Bottles of wine and Arak appeared, and the Arabs and Jews sat down for a meal. True, the Arab soldiers escorting the chiefs kept their rifles strapped over their chests, and Goliath never wandered far from his ax, but a spirit of brotherhood surrounded the occasion. Fortunately, LeClerc was absent, away on one of his frequent trips to Jaffa, where he was rumored to have a mistress. The Muktars, Tevye noticed, religiously abstained from liquor. For entertainment, two of the Arab horsemen demonstrated their skill with their swords, slicing melons in half at full gallop, and Hillel played his accordion. Inspired by the liquor and the prospects of acquiring a better piece of land, Tevye balanced a bottle of vodka on his head and taught Muktar Abdulla, how to dance like a Hasidic Jew. By the end of the banquet, Tevye had made a new friend. The Muktar bowed low and invited the settlers of Morasha to visit his village for a tour of the property which his tribe was offering to sell. A date was arranged, and the Arabs rode off.  Immediately, Nachman wrote a letter to the Baron regarding the available land, promising to forward more details as soon as they inspected the site and determined its price. But a reply from Paris was never received. When LeClerc was told about the visit of the Arabs and the proposition they had made, he wrote his own letter to Paris, advising the Baron against further land acquisitions in the region, at least until the Morasha experiment proved that the area was conducive to increased Jewish settlement.

About the Author: Tzvi Fishman was awarded the Israel Ministry of Education Prize for Creativity and Jewish Culture for his novel "Tevye in the Promised Land." A wide selection of his books are available at Amazon.


If you don't see your comment after publishing it, refresh the page.

Our comments section is intended for meaningful responses and debates in a civilized manner. We ask that you respect the fact that we are a religious Jewish website and avoid inappropriate language at all cost.

If you promote any foreign religions, gods or messiahs, lies about Israel, anti-Semitism, or advocate violence (except against terrorists), your permission to comment may be revoked.

No Responses to “Tevye in the Promised Land, Chapter Twenty-Four: Morasha”

Comments are closed.

Current Top Story
Swiss Amb. to Iran Giulo Haas presents his credentials to Iranian Pres. Rouhani
‘US and Iranian Cartoon Doves’ Shown Defecating on Bibi by Swiss Amb to Iran
Latest Sections Stories
book-Lord-Get-Me-High

Even when our prayers are ignored and troubles confront us, Rabbi Shoff teaches that it is the same God who sent the difficulties as who answered our prayers before.

Schonfeld-logo1

I’ve put together some of the most frequently asked questions regarding bullies, friendship and learning disabilities.

book-Avi's-Choice

His parents make it clear that they feel the right thing is for Avi to visit his grandfather, but they leave it up to him.

There is a rich Jewish history in this part of the world. Now the hidden customs are being revealed, as many seek to reconnect with their roots.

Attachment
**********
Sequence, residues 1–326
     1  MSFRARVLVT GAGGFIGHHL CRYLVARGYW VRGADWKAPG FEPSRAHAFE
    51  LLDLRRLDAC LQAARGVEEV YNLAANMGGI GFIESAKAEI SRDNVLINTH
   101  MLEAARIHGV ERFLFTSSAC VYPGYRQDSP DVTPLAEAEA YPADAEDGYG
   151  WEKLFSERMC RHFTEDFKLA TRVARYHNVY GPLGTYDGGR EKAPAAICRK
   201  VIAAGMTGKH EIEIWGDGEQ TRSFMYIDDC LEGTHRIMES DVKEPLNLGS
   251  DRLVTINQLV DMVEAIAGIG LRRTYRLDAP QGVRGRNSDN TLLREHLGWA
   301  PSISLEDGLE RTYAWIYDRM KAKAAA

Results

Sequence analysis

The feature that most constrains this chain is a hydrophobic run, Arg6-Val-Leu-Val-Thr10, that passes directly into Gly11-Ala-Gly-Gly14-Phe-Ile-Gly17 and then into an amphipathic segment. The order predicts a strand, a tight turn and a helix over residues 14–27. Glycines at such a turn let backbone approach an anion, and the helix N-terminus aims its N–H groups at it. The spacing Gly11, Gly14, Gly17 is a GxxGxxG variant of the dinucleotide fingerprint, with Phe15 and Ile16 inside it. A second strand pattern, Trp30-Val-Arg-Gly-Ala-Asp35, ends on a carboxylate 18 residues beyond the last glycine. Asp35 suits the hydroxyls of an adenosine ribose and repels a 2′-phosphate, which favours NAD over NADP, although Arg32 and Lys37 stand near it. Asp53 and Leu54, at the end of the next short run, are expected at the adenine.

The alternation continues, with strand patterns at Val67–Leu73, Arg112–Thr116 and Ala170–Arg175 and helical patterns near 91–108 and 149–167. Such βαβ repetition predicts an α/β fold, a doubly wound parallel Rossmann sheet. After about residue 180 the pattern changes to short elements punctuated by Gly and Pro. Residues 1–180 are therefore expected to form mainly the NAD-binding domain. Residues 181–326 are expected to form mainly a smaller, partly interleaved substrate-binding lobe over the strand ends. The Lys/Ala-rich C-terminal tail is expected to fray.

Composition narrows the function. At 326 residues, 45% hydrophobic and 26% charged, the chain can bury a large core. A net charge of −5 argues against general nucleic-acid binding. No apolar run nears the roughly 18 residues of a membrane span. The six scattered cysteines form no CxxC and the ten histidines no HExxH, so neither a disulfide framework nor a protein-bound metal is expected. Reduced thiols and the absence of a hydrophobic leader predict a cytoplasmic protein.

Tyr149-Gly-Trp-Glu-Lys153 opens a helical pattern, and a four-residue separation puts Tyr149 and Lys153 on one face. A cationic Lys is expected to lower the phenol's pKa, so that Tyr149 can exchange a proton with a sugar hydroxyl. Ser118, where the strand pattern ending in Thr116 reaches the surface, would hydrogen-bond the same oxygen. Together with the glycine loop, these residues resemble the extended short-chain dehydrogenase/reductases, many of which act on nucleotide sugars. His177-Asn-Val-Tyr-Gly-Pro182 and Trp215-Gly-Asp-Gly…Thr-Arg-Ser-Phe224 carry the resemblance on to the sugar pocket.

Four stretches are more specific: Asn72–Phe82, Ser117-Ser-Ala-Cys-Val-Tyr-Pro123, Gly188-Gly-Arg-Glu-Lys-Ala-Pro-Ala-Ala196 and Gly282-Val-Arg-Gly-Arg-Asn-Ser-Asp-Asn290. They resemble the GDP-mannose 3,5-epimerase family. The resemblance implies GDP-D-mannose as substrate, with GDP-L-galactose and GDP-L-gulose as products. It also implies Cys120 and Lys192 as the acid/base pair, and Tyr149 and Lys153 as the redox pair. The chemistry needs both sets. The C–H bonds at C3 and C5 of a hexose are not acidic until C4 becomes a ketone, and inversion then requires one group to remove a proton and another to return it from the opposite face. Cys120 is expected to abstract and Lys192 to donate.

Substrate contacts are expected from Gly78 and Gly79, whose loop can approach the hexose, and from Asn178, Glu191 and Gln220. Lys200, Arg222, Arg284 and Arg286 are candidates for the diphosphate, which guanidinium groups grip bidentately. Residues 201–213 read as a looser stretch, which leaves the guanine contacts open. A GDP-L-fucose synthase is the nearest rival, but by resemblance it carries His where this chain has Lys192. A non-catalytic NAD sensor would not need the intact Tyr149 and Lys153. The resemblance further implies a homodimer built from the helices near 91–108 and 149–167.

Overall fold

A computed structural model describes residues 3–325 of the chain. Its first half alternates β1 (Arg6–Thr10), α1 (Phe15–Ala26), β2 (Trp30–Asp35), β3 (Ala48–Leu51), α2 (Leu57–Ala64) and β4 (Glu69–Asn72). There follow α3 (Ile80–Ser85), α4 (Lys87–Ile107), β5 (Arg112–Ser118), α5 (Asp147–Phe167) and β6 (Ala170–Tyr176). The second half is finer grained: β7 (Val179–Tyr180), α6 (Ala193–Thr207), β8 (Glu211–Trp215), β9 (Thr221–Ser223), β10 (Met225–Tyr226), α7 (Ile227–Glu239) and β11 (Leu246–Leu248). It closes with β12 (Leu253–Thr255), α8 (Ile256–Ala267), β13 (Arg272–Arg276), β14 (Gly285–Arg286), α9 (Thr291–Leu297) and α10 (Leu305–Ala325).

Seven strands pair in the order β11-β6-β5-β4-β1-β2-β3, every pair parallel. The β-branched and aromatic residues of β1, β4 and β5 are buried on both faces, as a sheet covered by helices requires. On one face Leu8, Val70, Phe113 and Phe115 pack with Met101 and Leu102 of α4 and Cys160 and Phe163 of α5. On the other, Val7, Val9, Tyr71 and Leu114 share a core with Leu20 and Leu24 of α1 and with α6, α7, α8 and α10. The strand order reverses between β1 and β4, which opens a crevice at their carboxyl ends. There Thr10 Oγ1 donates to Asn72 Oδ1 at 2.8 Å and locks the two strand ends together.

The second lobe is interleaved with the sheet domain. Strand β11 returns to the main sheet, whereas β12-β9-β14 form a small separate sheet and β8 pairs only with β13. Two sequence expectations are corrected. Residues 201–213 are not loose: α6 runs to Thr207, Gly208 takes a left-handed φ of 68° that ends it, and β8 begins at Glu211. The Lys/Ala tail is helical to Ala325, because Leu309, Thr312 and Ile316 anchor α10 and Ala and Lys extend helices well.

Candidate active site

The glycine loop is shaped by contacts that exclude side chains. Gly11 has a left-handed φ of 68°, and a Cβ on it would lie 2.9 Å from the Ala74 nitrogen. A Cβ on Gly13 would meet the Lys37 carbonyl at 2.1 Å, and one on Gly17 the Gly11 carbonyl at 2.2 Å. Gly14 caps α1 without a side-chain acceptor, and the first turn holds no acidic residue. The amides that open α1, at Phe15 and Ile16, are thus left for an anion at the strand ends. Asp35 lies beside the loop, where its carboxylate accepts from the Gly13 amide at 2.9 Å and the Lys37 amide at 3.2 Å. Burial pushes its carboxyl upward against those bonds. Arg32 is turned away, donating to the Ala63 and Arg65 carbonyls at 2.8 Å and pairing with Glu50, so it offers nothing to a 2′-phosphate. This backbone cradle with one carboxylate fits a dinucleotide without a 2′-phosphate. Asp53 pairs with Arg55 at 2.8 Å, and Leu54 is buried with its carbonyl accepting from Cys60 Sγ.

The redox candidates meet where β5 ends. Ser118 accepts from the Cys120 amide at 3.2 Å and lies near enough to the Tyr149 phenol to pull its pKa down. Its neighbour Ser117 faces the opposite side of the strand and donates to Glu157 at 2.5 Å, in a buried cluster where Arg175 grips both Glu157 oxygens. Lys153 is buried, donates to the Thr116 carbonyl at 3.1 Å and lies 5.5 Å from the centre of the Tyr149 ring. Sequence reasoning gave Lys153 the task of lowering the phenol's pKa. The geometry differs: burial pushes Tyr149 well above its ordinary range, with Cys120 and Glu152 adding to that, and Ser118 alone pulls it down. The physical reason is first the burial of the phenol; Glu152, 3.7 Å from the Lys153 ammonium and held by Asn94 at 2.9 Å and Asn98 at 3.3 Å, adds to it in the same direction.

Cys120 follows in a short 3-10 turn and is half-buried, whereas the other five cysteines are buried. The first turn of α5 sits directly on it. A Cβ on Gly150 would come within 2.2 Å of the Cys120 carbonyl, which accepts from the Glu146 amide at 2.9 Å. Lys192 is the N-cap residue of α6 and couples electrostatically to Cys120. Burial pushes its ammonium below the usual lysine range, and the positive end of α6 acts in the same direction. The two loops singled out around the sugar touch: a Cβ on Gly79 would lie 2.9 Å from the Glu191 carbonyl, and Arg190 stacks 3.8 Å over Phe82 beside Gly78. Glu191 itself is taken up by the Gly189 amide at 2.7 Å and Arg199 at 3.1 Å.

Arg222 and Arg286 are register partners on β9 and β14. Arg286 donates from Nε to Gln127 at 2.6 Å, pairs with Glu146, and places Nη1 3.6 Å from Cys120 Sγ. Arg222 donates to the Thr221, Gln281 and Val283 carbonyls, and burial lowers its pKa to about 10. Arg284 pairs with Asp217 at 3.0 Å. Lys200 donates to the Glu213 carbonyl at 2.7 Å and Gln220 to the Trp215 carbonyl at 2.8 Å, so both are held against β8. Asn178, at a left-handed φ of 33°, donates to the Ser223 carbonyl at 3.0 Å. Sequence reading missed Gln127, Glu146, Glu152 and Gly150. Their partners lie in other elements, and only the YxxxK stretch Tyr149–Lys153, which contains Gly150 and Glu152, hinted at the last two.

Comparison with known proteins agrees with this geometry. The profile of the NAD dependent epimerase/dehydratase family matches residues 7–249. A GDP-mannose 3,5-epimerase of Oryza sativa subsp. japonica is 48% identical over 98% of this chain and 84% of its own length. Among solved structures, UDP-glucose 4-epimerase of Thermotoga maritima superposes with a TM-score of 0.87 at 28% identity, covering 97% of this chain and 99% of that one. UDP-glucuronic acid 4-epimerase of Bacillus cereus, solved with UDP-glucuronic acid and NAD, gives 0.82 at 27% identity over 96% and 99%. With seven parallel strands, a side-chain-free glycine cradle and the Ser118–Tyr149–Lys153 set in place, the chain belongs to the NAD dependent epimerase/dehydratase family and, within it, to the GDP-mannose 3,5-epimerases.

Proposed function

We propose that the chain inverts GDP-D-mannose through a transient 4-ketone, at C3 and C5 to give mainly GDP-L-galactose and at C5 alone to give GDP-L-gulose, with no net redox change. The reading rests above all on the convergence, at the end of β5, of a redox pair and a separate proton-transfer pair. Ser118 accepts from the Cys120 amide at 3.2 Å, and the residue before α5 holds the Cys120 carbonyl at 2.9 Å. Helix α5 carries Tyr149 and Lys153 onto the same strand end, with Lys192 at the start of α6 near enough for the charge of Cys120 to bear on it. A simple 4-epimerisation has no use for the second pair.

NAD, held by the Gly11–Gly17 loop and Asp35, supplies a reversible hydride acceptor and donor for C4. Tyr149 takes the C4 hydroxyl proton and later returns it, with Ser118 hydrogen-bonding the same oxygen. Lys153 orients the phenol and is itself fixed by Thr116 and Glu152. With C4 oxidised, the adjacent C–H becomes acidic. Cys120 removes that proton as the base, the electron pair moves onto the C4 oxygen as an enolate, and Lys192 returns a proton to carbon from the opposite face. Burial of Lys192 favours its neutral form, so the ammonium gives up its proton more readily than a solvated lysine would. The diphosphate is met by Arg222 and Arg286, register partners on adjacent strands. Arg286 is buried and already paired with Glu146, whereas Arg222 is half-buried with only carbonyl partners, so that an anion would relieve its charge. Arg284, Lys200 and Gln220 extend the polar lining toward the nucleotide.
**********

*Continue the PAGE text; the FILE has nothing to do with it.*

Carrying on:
There are times when a psychiatrist will over-medicate, which is why it’s important to find a psychiatrist whom you trust and feel comfortable with.

On November 22, 1963, Abraham Zapruder created one of the most famous, and valuable, pieces of film and became forever linked with one of the greatest American national tragedies when he stood with his camera on an elevated concrete abutment as President John F. Kennedy’s motorcade passed through Dealey Plaza in Dallas. Exhibited here is […]

“Worrying is carrying tomorrow’s load with today’s strength – carrying two days at once. It is moving into tomorrow ahead of time. Worrying doesn’t empty tomorrow of its sorrow, it empties today of its strength.” – Corrie ten Boom I’ve been thinking a lot about worrying. Anxiety is an issue close to my heart – […]

Don’t be afraid to try something different.

Upon meeting the Zionist delegation, General Wu, a recent convert to Christianity, said, “You are my spiritual brothers.

With the assistance of Mr. Tress, Private Moskowitz tried tirelessly to become an army chaplain.

Dr. Yael Respler is taking a well-deserved vacation this week and asked Eilon Even-Esh to share some thoughts with her readers in her stead.

More Articles from Tzvi Fishman
Jonathan Pollard.

Jonathan remember, as long as you’re denied your right to come home to Israel you’re still in prison

011-OT-Maps-Israel-Tribes

One must view the settlement of Israel in a positive light. Thinking otherwise is a grievous sin.

Detention Camps for US Jews? Sounds farfetched but it did to Japanese-Americans during WW II as well

Torah wasn’t given to be kept in Sinai; Brooklyn or Beverly Hills-It was meant to be kept in Israel!

Rebbe Nachman’s stories awaken the sleeping; our film of his stories has the power to wake the world

Going to Mt of Olives cemetery was like visiting Jurassic Park in a jeep with dinosaurs rampaging

To boost aliya, Israel will encourage Marshall’s, Costco, K Mart & Entenmann’s Bakeries to open here

Of course there’s air in America, but it isn’t the holy air of Eretz Yisrael.

Printed from: http://www.jewishpress.com/sections/books/the-book-shelf/tevye-in-the-promised-land-books/tevye-in-the-promised-land-chapter-twenty-four-morasha/2013/01/28/

Scan this QR code to visit this page online: